Rebecca @ The Key to the Gate

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  11. Lovely that you have her handwritten recipe! And great that you made it up. Have a great week!

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    1. I make them all the time. So easy, really. Easier than driving to the store and looking for a package of pre-made biscuits and buying them and taking them home and starting up the oven and baking them, really.

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  12. This is my most favorite post that you've ever written, I think. I love Ree's blog (though I can never keep up with her, I have to skim), but I love your grandma more!

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  13. What a fun post. And now I want one of your Grandma Ashley's bisquits. :)

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  14. Best thing I've read in my reader feed this morning!

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  15. Ha! I like it. Your grandmother sounds like a gem, and I would trust her tried-and-true recipes any day. Thanks for sharing this story and match-up with us!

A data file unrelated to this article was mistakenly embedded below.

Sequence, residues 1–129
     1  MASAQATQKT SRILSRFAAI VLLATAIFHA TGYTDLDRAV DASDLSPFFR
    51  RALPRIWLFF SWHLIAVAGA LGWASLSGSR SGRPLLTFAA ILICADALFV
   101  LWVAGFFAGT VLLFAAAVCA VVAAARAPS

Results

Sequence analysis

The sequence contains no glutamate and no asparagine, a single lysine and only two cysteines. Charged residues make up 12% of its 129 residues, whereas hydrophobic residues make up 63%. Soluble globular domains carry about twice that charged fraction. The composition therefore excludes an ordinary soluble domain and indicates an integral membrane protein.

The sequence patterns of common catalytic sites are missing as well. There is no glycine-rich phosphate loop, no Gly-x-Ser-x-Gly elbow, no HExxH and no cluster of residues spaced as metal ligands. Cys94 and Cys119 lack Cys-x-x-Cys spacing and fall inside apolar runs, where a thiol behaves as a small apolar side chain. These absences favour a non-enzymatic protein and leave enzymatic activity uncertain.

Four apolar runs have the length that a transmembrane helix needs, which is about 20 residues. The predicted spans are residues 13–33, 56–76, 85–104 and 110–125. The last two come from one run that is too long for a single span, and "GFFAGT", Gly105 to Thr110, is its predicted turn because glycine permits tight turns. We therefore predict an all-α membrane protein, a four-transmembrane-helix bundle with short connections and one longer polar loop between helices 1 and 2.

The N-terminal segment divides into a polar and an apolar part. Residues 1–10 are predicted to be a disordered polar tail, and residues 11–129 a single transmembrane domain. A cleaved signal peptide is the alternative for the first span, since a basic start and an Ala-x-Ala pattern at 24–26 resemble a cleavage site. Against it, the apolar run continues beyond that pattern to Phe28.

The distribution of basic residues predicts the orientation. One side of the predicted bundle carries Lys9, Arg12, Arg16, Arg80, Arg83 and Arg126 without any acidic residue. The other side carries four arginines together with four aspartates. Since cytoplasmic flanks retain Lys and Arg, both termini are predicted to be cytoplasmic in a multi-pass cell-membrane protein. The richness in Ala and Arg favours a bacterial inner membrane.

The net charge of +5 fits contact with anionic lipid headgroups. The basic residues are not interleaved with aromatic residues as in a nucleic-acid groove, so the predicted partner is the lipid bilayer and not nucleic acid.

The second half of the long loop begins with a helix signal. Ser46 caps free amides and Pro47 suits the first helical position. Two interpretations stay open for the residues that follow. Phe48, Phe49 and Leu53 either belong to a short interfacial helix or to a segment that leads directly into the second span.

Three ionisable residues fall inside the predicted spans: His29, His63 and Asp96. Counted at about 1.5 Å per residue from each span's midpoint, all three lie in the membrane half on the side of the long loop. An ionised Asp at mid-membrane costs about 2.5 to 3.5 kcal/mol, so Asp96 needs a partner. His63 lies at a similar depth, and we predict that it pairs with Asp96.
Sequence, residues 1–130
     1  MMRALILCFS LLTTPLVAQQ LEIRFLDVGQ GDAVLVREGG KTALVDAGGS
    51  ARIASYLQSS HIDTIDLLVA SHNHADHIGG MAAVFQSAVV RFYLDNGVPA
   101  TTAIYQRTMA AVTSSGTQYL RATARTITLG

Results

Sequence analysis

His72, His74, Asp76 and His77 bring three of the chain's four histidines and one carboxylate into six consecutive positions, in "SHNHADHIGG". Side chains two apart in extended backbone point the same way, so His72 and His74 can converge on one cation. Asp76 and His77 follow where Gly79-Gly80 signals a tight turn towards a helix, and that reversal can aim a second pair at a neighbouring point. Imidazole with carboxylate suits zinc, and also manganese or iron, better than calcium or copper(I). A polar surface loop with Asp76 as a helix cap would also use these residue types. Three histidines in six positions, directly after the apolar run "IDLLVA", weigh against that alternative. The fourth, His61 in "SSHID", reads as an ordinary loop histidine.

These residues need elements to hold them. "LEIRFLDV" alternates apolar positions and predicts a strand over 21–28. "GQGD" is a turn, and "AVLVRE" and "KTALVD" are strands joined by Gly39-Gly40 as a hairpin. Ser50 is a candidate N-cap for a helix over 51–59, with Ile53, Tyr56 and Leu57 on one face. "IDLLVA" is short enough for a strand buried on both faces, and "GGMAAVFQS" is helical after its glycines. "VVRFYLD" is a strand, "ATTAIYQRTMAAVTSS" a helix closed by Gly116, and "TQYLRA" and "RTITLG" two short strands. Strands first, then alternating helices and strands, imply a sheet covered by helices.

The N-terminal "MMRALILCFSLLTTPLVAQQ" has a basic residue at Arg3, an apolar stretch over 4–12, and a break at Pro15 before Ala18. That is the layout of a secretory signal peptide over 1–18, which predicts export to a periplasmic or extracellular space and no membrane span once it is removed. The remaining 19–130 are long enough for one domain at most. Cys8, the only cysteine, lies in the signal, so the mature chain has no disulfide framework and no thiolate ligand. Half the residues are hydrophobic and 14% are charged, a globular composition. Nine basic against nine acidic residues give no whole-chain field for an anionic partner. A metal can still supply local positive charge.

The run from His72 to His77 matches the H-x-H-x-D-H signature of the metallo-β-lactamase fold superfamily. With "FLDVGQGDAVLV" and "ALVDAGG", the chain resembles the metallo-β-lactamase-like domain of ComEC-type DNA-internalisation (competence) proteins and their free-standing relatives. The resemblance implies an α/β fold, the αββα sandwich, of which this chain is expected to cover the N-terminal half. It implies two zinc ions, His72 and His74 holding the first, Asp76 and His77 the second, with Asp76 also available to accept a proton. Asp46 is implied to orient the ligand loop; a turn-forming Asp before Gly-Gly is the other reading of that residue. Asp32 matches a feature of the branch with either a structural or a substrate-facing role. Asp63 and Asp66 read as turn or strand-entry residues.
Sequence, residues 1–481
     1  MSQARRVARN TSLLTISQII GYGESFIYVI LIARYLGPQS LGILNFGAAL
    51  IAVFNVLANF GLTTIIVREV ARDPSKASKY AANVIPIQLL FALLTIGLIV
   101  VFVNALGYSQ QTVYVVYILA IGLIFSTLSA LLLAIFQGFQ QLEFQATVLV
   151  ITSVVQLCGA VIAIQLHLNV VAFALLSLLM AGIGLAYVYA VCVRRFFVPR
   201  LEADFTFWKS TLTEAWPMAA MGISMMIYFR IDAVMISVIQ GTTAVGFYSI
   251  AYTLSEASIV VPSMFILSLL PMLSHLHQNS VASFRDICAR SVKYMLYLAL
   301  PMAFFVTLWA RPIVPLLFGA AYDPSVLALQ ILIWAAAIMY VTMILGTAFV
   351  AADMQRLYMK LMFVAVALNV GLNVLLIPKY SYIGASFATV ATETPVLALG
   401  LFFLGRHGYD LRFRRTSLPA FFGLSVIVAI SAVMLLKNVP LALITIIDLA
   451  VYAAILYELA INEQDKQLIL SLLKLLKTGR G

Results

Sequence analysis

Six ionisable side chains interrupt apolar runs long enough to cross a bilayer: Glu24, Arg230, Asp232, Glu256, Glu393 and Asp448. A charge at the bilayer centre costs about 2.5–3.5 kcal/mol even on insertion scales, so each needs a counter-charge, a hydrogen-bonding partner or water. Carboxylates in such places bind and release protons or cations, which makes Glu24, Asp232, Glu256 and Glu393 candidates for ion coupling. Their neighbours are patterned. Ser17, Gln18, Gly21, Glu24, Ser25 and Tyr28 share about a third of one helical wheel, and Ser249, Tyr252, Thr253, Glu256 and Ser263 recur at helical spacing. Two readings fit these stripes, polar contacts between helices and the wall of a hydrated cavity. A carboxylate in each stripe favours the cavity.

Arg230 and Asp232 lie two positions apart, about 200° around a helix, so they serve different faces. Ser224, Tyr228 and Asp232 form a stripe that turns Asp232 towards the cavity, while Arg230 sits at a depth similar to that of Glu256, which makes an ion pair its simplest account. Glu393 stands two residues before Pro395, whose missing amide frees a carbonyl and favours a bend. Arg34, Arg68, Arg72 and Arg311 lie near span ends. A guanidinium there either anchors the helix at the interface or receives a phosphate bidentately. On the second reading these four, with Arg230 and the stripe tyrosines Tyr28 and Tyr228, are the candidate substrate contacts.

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  16. I agree that your grandma's look better! They look light and fluffy, and I love the simplicity. The recipe that I've been using for years is not that much different. I may have to give your grandma's recipe a try (if you don't mind). :)

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    1. Excellent. And you are an objective person, are you not, Alyce?

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  17. Love this! Kudos to grandma Ashley :D As a Dutch/Chinese person, the concept of biscuits as part of a meal (as opposed to cookies/biscuits) is unknown to me. What would you serve with biscuits?

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  18. Interesting. I had no idea that biscuits were unknown to other cultures. That's probably because biscuits are so ubiquitous here in the southern part of the US. I serve biscuits with everything, but they are especially good with eggs and bacon at breakfast.